My friend Michelle thinks my dessert section needs some serious help.
And she’s right.
I mean, it isn’t a huge secret that baking and I don’t get along.
So thankfully, she agreed to share another dessert recipe with us!
An abundance of squash and zucchinis is a summer fact of life for many with gardens.
Even for those of us who eat more than our share of squash blossoms early in the season.
I stuff my blossoms with mozzarella, but Jeff, my husband, prefers his with goat cheese AND mozzarella—can you tell he grew up in Wisconsin?
I love going out to see the daily progress of my hard working squash—even as Jeff grows nervous, knowing he’ll have to eat a veggie that’s not his favorite.
Because squash and zucchini are not his favorites, I need to be creative when it comes time to cook them.
I stuff my squash with mushrooms and panko and cheese (I mentioned he’s from Wisconsin, right?) and throw them on the grill, but you can only have that so many times before eaters go on strike.
My other go-to recipe is double chocolate zucchini bread (which can also be made with squash).
Here’s a (no longer) secret confession: I don’t like cinnamon. Yes, I know it’s good for you. Yes, I know it pretty much precludes me from eating pumpkin pie or drinking apple cider. Yes, I know the earth may stop rotating now that everyone knows. I don’t care, I just don’t like it.
My recipe omits the cinnamon. You can add it if you like, I’m sure it will only make the recipe better (I don’t know how of course, but I’m sure it does . . . ).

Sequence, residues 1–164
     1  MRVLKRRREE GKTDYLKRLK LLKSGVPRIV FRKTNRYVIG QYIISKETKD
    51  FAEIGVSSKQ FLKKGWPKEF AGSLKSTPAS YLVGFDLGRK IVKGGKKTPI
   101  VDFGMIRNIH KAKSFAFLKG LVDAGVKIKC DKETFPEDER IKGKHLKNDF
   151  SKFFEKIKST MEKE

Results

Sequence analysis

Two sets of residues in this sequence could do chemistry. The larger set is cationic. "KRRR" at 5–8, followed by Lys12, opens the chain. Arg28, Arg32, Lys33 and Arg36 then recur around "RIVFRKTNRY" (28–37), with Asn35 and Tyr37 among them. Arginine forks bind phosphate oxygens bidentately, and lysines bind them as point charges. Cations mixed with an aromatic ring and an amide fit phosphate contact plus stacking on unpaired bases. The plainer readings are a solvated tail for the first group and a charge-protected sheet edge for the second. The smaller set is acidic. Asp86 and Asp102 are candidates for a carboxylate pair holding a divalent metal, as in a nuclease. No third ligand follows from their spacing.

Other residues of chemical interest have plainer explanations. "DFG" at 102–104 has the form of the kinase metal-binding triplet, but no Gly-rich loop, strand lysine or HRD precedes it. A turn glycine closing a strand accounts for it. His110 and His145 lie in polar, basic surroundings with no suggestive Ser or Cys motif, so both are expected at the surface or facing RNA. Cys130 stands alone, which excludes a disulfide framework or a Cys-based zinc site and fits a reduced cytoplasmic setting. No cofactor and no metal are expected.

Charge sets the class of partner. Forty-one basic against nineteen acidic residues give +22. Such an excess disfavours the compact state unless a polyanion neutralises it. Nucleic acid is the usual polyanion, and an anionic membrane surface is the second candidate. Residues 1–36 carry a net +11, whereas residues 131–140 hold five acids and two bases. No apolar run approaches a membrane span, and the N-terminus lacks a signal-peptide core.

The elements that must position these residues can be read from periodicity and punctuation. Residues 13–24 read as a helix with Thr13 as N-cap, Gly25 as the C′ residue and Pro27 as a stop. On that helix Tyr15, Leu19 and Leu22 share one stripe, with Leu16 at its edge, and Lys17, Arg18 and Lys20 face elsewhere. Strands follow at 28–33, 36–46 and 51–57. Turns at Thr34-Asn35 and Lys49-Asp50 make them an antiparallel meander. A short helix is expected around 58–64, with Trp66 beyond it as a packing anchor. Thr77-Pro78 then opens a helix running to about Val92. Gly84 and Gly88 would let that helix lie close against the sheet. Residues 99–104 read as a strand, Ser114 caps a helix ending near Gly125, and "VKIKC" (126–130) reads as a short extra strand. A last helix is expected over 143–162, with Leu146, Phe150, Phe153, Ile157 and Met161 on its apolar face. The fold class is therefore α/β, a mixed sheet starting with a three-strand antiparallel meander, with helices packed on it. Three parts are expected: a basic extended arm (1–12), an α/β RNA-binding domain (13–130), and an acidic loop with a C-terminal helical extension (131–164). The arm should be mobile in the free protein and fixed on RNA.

If I make this just for me and my friends, I also add a scoop of espresso powder, but Jeff doesn’t like coffee, so I omit that when I cook for him.
We are nothing if not accommodating around here.
One of the problems I had when I was first trying to find a good zucchini bread recipe is 1) there was cinnamon EVERYWHERE! and 2) the ingredient values were difficult for me to figure out.
How big a zucchini, exactly, does it take to make 2 cups of shredded zucchini? Would I have enough? Would there be too little? Would I need to figure out what to do with ¾ of a leftover zucchini? The interwebs were full of people wondering the same thing, none of whom actually had an answer.
Fear not, I’ve figured it out: 1 pound of zucchini = 2 cups of shredded zucchini.
Boom. My work is done.
One final note: most chocolate zucchini bread recipes require Dutch process cocoa powder. I live in a place where this is not something you can buy at the store. Also: I have a bunch of natural unsweetened cocoa powder I use for chocolate ice cream and nearly nothing else.
These two ingredients are NOT interchangeable. The beauty of cooking, however, is there is ALWAYS a way around an ingredient problem and this one is no exception. The solution does require some math. Never fear: I’m a mathematician by trade, so I’ll do the calculations for you.
For every 1 ounce of Dutch process cocoa powder, you need 3 tablespoons of natural unsweetened cocoa powder plus 1/8 of a teaspoon of baking soda. I included both measurements so you can choose how you want to make the bread based on the ingredients you have on hand.
And so, on to the recipe:
Unsalted butter, 1 stick melted
Light brown sugar, 3/4 cup AND 2 Tbs (pack both)
Vanilla, 1 tsp
All-purpose flour, 1 2/3 cup
Salt, 3/4 tsp
Baking powder, 1/2 tsp
Baking soda, 1/2 tsp
Zucchini, 2 cups shredded (about a pound of zucchini, round up and not down)
Semi-sweet chocolate chips, 1 cup (8-8.5 oz)
And then pick ONE or the other of these:
Dutch process cocoa powder, 1/3 of a cup
Unsweetened cocoa powder, 8 Tbs (1.75 oz) plus 1/3 tsp baking soda
Preheat the oven to 350F and grease your pan with unsalted butter (I guess you can use spray, but, as I’ve said before, we are a full fat family so I butter my pans). I like to flour my pan with chocolate powder, too, but that’s just how I roll—you can flour it with flour or just leave it greasy.